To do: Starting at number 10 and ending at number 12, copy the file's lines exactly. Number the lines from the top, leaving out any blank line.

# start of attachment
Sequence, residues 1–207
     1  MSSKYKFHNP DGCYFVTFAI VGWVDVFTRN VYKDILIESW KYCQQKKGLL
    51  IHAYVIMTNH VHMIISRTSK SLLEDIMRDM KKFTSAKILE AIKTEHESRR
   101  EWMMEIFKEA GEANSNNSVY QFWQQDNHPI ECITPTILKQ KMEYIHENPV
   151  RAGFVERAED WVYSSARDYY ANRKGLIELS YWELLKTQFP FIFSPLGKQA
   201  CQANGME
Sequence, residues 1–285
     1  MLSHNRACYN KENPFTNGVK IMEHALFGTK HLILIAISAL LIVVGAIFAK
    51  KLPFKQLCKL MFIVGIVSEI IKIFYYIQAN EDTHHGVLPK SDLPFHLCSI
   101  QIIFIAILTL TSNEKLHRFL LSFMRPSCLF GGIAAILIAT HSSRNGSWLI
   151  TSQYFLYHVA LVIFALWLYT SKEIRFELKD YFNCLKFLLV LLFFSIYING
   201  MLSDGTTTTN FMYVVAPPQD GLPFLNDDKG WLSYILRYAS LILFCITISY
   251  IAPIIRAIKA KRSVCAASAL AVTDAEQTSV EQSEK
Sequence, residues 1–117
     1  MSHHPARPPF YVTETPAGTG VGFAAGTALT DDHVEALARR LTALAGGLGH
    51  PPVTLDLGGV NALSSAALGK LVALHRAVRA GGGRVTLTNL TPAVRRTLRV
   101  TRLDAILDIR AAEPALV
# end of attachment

   101  QIIFIAILTL TSNEKLHRFL LSFMRPSCLF GGIAAILIAT HSSRNGSWLI
   151  TSQYFLYHVA LVIFALWLYT SKEIRFELKD YFNCLKFLLV LLFFSIYING
   201  MLSDGTTTTN FMYVVAPPQD GLPFLNDDKG WLSYILRYAS LILFCITISY